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"All Souls" is the seventeenth episode of the of The X-Files. Originally airing on the Fox network on April 26, 1998, the story was written by Billy Brown and Dan Angel, with Frank Spotnitz and John Shiban developing the teleplay. Allen Coulter directed the episode.

All Souls is a "Monster-of-the-week" story, independent of the series' mythology arc.


Scully is forced to fall back on her Catholic faith and confront the loss of her daughter Emily after Father McCue asks her to assist a family whose adopted daughter died.


Dara Kernoff kneeling in the street.

Father McCue, the family priest who comforted Scully during her bout with cancer (see Redux II), baptizes Dara Kernoff, a sixteen-year-old mentally-challenged wheelchair-bound girl. Later that night, as a thunderstorm rages, Dara somehow gains strength in her legs and leaves her house. Dara's father, Lance, realizes something is amiss and makes his way outside. There he sees Dara in the middle of the street, her arms raised upward, kneeling before a Dark Figure. Suddenly, lightning flashes, supernaturally bright. When Lance reaches his daughter, he realizes she is dead—her eyes gone, as if having been burned out of their sockets. The Dark Figure, however, is nowhere in sight.

A stained-glass window in Father McCue's church.

Father McCue meets Scully at the Easter church service and asks for her help in solving the mystery of the girl's death. Later, Scully visits the Kernoffs, and learns that Dara was adopted six years earlier. The girl suffered from severe spinal deformities which confined her to a wheelchair her entire life. There is no explanation as to how Dara walked out of the house, though Lance is convinced he saw the Devil standing over her in the street.

Scully and a pathologist, Vicki Belon, examine Dara's body. Belon notes her misshapen hands and feet, which contain six digits (the extra fingers having been removed via surgery). Belon reluctantly proposes that the girl was struck down by God, as if she was a mistake.

Roberta Dyer observes the agents from her hiding place in Father Gregory's church.

Meanwhile, a man named Father Gregory visits a psychiatric hospital hoping to visit a girl named Paula Koklos, Dara's twin sister. But his progress is hindered by Aaron Starkey, a department of social services worker, who notes that the priest's adoption petition lacks his approval. Upset, the priest leaves the hospital. That night, a man enters Paula's room. An intense halo of light surrounds the figure and wings form its back. The next day, Scully examines Paula's body, her eyes burned out, kneeling much like Dara. Mulder joins his partner and reveals he has located Dara's birth records, which show she was one of quadruplets. Shortly thereafter, Starkey reveals that Paula was about to be adopted by Father Gregory.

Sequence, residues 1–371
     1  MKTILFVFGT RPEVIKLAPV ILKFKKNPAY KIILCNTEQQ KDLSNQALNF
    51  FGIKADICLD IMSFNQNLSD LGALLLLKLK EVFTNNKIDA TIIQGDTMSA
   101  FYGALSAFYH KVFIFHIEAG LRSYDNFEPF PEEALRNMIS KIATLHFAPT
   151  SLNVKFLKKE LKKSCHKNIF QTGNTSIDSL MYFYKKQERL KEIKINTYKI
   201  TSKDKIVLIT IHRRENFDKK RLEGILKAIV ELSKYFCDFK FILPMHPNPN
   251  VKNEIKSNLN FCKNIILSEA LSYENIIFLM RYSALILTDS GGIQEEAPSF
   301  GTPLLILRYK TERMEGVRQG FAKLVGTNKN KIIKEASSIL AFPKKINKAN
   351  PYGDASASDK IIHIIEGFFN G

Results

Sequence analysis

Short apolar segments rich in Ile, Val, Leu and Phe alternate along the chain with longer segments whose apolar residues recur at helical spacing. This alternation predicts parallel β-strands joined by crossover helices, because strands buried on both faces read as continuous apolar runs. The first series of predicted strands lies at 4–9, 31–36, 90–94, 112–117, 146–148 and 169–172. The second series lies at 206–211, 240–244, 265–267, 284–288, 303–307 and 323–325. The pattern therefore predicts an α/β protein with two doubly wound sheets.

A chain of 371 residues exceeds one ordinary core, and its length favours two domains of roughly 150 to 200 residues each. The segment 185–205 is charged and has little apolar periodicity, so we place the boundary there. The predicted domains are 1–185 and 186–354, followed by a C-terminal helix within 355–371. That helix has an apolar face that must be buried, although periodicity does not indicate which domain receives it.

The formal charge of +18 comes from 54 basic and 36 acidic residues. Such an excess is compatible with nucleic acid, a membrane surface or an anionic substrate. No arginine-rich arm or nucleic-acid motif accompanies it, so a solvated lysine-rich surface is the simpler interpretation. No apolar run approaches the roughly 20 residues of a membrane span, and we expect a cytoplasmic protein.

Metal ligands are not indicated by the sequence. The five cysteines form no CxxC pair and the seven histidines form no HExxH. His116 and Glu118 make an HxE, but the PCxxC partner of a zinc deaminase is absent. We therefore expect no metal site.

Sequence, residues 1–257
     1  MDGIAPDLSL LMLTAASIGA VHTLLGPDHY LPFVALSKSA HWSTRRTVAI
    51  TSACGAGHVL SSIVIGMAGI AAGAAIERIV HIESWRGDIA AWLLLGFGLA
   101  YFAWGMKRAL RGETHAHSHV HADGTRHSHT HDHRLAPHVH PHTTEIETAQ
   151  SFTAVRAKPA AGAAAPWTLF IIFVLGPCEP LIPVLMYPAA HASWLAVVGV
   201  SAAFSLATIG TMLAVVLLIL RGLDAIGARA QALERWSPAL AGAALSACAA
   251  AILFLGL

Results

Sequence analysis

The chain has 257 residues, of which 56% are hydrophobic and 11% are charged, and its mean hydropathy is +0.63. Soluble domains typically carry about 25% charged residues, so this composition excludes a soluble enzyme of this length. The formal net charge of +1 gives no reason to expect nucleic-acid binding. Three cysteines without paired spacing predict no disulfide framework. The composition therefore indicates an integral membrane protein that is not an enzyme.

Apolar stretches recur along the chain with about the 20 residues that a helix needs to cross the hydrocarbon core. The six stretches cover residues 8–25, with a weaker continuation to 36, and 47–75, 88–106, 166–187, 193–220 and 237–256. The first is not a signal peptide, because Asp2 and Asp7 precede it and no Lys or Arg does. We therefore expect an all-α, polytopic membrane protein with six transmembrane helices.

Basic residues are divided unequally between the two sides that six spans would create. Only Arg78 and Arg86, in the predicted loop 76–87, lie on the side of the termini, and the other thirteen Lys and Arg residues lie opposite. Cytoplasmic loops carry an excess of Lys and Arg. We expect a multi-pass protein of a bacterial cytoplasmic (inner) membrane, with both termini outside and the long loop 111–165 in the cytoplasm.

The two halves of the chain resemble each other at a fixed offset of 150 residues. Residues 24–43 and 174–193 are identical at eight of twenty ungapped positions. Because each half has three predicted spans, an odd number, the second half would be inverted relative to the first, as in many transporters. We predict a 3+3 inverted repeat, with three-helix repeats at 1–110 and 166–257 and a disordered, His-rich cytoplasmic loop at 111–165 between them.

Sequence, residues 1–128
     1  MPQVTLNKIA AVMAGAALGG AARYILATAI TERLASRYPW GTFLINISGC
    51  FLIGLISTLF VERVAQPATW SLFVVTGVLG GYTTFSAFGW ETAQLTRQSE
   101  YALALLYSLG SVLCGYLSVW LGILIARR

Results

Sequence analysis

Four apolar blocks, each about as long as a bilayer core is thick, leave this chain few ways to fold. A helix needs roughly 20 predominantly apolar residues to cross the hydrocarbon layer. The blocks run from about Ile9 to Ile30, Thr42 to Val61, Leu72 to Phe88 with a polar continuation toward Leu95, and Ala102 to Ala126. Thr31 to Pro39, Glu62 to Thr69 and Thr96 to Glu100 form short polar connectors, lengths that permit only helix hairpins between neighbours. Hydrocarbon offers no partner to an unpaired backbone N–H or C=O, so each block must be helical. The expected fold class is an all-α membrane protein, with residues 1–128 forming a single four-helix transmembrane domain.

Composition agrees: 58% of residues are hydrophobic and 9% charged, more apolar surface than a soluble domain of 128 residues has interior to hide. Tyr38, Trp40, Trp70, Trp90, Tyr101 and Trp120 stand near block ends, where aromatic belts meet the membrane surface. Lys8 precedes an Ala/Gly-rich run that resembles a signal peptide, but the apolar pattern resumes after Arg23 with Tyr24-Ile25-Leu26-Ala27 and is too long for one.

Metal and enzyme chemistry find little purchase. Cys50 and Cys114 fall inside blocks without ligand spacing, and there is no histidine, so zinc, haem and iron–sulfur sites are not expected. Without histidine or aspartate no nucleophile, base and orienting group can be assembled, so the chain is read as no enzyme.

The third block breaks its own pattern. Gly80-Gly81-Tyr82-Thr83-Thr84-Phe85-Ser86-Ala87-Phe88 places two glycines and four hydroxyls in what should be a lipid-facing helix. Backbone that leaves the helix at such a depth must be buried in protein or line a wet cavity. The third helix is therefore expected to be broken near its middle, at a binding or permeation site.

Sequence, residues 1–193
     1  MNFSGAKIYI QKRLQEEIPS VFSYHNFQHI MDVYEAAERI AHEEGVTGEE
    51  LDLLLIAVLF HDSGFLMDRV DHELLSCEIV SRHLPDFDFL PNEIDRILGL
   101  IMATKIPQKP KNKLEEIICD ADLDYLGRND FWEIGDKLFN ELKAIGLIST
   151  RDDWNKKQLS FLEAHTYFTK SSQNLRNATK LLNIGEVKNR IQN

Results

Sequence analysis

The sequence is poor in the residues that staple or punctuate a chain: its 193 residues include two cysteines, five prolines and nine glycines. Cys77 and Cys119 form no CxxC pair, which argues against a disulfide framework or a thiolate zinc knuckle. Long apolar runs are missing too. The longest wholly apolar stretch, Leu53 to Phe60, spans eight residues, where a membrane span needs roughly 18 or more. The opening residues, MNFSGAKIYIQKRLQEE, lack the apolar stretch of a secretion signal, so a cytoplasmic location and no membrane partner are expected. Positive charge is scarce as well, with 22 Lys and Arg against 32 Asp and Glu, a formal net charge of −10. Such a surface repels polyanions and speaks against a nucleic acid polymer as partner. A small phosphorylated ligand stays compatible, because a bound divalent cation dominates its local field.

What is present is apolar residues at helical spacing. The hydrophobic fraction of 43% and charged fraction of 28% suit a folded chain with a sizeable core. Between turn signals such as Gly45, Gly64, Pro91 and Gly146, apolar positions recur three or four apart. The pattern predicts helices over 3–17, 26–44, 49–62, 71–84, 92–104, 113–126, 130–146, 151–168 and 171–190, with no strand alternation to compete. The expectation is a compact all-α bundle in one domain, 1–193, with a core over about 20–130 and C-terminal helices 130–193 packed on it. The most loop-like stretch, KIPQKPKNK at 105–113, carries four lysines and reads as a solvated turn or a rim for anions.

The agents pay Father Gregory a visit at his church. He insists he was trying to protect Paula from harm, and makes reference to an ongoing struggle between good and evil for all souls. Later, while examining Paula's body, Scully experiences a vision of Emily.

Scully narrates the story to a priest at the confessional.

Mulder performs further research on the adoption records. He uncovers information on a third sister, who walked into a teen crisis center a week earlier and is apparently homeless. With Starkey's help, he canvases abandoned buildings in a desolate part of town. But the Dark Figure, this time sporting a lion's face, finds the girl first. Mulder draws his weapon and orders a darkened figure to step into the light. It is revealed to be Father Gregory. The priest laments that they are too late, as he found the third sister dead.

Mulder interrogates Father Gregory.

Mulder concludes Father Gregory is responsible for the murders. But Gregory insists he tried to protect the girls' souls from the Devil. He warns that the fourth sister must be located before it is too late. The agents step out of the police interrogation room where Father Gregory is being held when new information about the fourth sister, Roberta Dyer, comes to light. Scully urges Mulder to find the girl. Meanwhile, Starkey enters the interrogation room where the priest is being held. He demands to know the location of the fourth girl. When Father Gregory does not answer, he is burned alive by the demon.

Mulder makes his way to the home of George Dyer, the fourth sister's adoptive father. Dyer eventually reveals that Father Gregory took Roberta away. Shortly thereafter, Scully is approached by the Dark Figure, whose head rotates, revealing the faces of a man, eagle, lion, and an ox. Stunned, Scully seeks out Father McCue for answers. He explains that the vision she experienced is a Seraphim, an angel who descended from the heavens and fathered four children, the Nephilim, with a mortal woman. God sent Seraphim to earth to return the girls, who have the souls of angels, back to heaven to keep the Devil from claiming them as his own.

The four-faced angel appears to the last Nephilim in Father Gregory's church.